Thursday, 17 October 2019
The University of Western Australia’s Emeritus Professor Cheryl Praeger has won the prestigious Prime Minister’s Prize for Science for her contribution to the mathematical sciences.
Prime Minister Scott Morrison tonight presented Professor Praeger with her prize at an Awards Dinner held in the Great Hall of Parliament House in Canberra.
Professor Praeger said the Prime Minister’s Prizes for Science were an outstanding recognition of the excellence of Australian scientific research.
“I regard it as a wonderful statement about the importance of mathematics and my achievements in mathematical research, along with my colleagues and students, in the mathematics of symmetry,” she said.
“The Prime Minister’s Prize for Science is the top prize for science in Australia"
Professor Praeger said she had been lucky that early in her career an immensely powerful mega-theorem had been ‘born’, identifying all the mathematical ‘atoms’ or ‘building blocks’ of symmetry, the so-called finite simple groups.
“I was one of the first to exploit this watershed result to build new fundamental theory and new methods to study groups and symmetrical structures like networks and designs,” she said.
“New algorithms I developed were built into the computer systems GAP and MAGMA, and used by mathematicians and scientists worldwide. Their reliance on the finite simple group classification means that they run incredibly quickly.”
Professor Praeger said the prizes made scientific research more visible around the country. She hoped this would inspire young people to study maths and science at school, and to consider one of the many exciting careers they could undertake in STEM.
“Mathematics is incredibly important in the world today; it underpins every part of our society and this includes the digital technology we use daily from our smart phones to the internet,” she said.
“Mathematics also partners and supports research in medicine, agriculture, engineering and technology and I’m passionate about the way mathematics helps us understand the world. Throughout history new developments in science and technology have thrown up really important mathematical challenges and that has been true throughout my career and will certainly be true into the future.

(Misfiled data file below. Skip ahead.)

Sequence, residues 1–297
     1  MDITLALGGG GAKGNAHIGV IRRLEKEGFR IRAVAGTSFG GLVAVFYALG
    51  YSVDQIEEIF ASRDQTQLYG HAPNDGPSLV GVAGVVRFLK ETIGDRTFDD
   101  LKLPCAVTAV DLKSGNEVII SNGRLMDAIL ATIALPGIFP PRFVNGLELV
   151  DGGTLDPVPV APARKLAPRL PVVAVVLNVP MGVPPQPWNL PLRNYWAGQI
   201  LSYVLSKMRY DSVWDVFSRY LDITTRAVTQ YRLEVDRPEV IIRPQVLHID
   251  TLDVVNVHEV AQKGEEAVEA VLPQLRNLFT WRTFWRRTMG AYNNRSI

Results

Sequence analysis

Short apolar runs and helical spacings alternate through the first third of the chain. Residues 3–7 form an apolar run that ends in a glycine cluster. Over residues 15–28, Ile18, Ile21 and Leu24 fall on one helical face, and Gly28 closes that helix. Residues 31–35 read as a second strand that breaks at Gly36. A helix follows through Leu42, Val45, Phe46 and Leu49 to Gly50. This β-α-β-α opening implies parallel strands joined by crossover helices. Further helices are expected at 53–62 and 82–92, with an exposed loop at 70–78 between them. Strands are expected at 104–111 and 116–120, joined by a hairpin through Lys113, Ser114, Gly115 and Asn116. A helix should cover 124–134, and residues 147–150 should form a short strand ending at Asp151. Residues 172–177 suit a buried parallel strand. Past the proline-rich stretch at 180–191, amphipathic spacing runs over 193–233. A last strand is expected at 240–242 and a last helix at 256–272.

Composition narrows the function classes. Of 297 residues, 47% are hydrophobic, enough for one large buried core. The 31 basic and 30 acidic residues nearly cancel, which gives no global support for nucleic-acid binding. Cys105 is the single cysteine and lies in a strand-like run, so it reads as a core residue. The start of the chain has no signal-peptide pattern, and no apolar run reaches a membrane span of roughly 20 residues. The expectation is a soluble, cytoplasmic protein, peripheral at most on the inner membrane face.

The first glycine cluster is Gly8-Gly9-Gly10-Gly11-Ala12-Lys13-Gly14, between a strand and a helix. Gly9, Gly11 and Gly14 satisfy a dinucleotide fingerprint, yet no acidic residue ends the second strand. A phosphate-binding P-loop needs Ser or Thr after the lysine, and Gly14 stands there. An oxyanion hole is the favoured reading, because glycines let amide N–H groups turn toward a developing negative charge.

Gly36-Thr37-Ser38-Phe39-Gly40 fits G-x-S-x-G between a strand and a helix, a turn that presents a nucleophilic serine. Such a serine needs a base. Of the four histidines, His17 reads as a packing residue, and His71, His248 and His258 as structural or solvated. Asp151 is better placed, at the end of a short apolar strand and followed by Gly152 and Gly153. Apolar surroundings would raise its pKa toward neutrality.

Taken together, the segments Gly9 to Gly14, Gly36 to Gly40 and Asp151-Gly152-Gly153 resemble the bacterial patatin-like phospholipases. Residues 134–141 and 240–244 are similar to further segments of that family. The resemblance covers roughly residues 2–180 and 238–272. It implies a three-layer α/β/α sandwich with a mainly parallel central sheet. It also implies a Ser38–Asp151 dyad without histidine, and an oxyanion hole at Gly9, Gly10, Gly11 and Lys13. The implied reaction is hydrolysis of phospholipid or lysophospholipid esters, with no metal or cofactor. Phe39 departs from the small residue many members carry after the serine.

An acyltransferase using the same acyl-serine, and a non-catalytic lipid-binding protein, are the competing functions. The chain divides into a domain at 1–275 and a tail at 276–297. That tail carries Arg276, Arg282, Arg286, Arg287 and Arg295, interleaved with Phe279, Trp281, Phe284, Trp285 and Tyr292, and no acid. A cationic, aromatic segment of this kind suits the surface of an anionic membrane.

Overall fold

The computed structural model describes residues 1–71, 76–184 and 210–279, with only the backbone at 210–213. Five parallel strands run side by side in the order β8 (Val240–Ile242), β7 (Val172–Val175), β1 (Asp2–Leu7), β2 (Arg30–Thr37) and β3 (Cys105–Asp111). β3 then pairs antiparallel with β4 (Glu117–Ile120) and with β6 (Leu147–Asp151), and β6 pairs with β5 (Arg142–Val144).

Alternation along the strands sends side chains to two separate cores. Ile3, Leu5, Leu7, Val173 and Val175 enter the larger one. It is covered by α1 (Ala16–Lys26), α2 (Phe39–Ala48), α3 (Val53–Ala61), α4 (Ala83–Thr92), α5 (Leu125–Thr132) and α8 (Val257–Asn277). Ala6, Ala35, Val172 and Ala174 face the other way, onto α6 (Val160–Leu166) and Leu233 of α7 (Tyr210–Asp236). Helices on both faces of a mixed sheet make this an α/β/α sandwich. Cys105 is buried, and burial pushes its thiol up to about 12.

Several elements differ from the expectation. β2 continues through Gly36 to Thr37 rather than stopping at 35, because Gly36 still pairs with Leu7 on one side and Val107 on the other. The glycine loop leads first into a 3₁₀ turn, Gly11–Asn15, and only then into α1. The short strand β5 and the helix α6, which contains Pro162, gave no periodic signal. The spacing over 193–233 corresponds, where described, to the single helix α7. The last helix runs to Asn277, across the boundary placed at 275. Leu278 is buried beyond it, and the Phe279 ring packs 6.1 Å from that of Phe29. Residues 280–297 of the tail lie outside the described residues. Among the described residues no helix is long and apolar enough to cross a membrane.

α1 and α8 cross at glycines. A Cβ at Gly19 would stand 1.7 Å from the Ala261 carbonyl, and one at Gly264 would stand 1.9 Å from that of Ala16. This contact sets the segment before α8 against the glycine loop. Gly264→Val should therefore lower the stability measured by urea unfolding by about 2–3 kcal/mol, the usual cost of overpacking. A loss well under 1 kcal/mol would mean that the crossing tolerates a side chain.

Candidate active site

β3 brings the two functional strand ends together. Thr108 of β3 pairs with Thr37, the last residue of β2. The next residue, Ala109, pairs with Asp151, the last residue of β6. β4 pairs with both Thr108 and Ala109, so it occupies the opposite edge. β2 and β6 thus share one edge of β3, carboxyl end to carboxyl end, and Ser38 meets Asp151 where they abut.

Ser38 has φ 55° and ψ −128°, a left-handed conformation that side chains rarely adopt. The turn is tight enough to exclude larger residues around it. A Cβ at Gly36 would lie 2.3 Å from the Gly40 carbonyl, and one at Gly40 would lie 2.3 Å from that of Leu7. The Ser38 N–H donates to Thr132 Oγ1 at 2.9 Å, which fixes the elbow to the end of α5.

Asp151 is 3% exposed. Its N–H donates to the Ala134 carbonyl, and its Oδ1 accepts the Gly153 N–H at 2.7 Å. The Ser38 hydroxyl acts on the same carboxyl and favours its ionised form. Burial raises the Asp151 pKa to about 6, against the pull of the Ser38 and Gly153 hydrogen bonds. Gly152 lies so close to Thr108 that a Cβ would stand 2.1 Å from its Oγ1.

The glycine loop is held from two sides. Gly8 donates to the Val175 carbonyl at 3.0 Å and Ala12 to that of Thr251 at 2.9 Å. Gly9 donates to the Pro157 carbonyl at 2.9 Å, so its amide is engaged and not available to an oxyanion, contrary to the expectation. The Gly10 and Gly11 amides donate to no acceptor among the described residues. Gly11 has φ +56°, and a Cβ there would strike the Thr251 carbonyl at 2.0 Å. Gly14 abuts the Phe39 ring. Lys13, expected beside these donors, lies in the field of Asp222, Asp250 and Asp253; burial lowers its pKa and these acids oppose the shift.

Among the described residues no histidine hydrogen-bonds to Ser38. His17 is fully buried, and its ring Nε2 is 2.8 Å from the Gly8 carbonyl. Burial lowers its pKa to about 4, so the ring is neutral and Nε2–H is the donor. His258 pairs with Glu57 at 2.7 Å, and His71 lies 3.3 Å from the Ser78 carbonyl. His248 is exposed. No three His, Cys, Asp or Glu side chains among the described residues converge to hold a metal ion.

“For example when we have a quantum computer to use, there will be so many more new maths challenges for the new generation of young people entering science and the other STEM disciplines.”
UWA’s Deputy Vice-Chancellor Research Professor Robyn Owens, who nominated Professor Praeger for the award, said she had created a huge body of academic work and, most importantly, an equally large body of service in the generation of new mathematicians in Australia.
“Throughout her extensive career, Professor Praeger has had a remarkable influence in mentoring and developing mathematics in Australia,” Professor Owens said.
“She has supported women in mathematics and science, while advocating for mathematics in schools at all levels and promoting the discipline in emerging economies.”
UWA Vice-Chancellor Professor Dawn Freshwater said Professor Praeger was ranked in the world’s top one per cent of highly cited mathematicians and had received many awards and honours during her highly successful career. These included being elected a Fellow of the Australian Academy of Science and an Honorary Member of the London Mathematical Society.
“Professor Praeger was also the first woman to be awarded the Australian Mathematical Society’s George Szekeres Medal, which honours those who have made an extraordinary contribution to the mathematical sciences over an extended period,” Professor Freshwater said.
“She is a marvellous role model here at UWA, around Australia and the world and we’re so pleased to see her receive this richly deserved honour.”
The major prize is awarded for a significant advancement of knowledge through science and includes $250,000 in prize money.
Simone Hewett (UWA Media and Public Relations Adviser) 08 6488 7975
Stacey Molloy (UWA Associate Director, Corporate Communications) 0423 974 149
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- Centre for the Mathematics of Symmetry and Computation — Faculty of Engineering and Mathematical Sciences — Migrate